Apple wants scientists to use Macintosh for high performance computing

“Apple Computer is enticing even more scientists to use its Macintosh server hardware and software for high performance computing (HPC) projects,” Michael Singer reports for InternetNews.com. “The Cupertino, Calif.-based company said it will award five fully-provisioned, all-inclusive Apple Workgroup Clusters for Bioinformatics to five scientific researchers in the U.S.”

“‘We’ll select the best applications based on the applicant’s scientific record, the likelihood that this project will discover something novel using the award, and the likelihood that this research focus would yield methods or discoveries applicable to the broader life science community,’ Apple said on its Web site. For the winners, Apple is prepared to hand out a 4-node Apple Workgroup Cluster, including four dual-processor Xserve G5s with 2GB RAM; BioTeam iNquiry, including 200 pre-installed bioinformatics applications; Asante GX5-800 Gigabit Ethernet switch; and three years of service and support. A panel of scientists has been tapped to help Apple review and select the five best applications. The deadline for submission is midnight June 13, 2004,” Singer reports.

Full article here.

9 Comments

  1. CAD/CAM Apps MUST be OS X…

    Pro/E… AutoCAD… even IronCAD… etc.

    The platform’s more than ready, and ya think w/ a UNIX base it would be easy…

    Jb

  2. GrapeGraphics, I agree that it would be great to have stuff like Pro/E on Mac, but you’re off topic. Apple is looking for science researchers, not engineers.

  3. If you knew what a piece of crap, cobbled-together, steaming, festering shit stain AutoCAD is (spaghetti code that makes Windows look elegantly programmed), then you’d know that it would be basically impossible to make AutoCAD for Mac OS X without starting from scratch. Ain’t gonna happen. All due to the fact that AuotCAD is a nightmare mess of coding and is too far gone to fix.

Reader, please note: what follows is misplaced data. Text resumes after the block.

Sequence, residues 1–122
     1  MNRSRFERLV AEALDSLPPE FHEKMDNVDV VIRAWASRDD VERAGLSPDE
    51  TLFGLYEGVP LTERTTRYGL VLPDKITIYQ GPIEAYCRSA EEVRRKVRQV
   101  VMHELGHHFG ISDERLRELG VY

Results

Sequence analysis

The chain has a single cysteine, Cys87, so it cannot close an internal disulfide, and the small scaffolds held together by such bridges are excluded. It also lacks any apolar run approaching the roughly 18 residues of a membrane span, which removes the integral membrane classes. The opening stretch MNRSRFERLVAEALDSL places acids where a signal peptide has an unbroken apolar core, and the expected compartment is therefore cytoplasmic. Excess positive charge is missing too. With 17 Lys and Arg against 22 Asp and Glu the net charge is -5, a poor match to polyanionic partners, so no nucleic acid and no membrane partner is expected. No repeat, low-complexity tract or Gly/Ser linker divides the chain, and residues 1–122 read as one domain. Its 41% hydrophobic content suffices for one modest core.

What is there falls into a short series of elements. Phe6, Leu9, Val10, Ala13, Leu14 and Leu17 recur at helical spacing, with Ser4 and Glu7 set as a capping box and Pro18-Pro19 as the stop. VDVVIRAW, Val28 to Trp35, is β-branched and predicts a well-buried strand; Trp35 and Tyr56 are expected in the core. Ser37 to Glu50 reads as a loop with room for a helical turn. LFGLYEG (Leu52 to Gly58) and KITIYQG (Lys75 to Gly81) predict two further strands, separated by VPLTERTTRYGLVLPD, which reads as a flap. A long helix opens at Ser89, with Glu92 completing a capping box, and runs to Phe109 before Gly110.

4. Unfortunately true about Autocad, I was testing an Autocad 2005 demo just yesterday. No wonder Autocad users are an advertised job category unto themselves. The program is so weird that it makes your head explode. I guess it’s a way of creating your own niche.

    If I had a clue about what “Bioinformatics” was, I would apply!! ” width=”19″ height=”19″ alt=”wink” style=”border:0;” />

    In any case, I’m glad Apple is doing some marketing to adults, I never thought I would see it either. Congratulations, lets have more, so that I can be using a model year 2025 Mac 20 years from now.

  5. Metryq, Engineering is the link between the theory and application. Engineers design newer and better products using information derived from scientific research, so it’s not that far off topic. It’s good that Apple is pushing the Mac at the scientific community. What better tool for allowing scientists to focus on the challange of their research rather than trying to coax anything resembling functionality out of wintel-based computers?

    Gianni, I agree with you about AutoCAD. I’ve watched design engineers struggle with it. AutoCAD is still based on a command-line interface dating back to the first CAD systems. My son had to take a course in drafting using AutoCAD and found that it uses the same processes as one would when drawing on paper with a pencil. Computers are supposed to free the user from that. I find Vectorworks to be a very effective tool for the development of assembly tools and floor layout.

    I also agree with Grapegrafics that ProEngineer should be coded for the Mac. Their latest release, “Wildfire” would sing on a Mac G5. Unfortunately, when I brought the subject up to a Paratechnologies rep (ProE) he almost choked at the mention of the Mac. Ironically, they are working to code it for Linux. I countered with the fact that they can take the Unix-based code for Linux and compile it for the Unix-based Mac with minimal modifications. All I got back was a blank stare. Sigh…empty minded bias.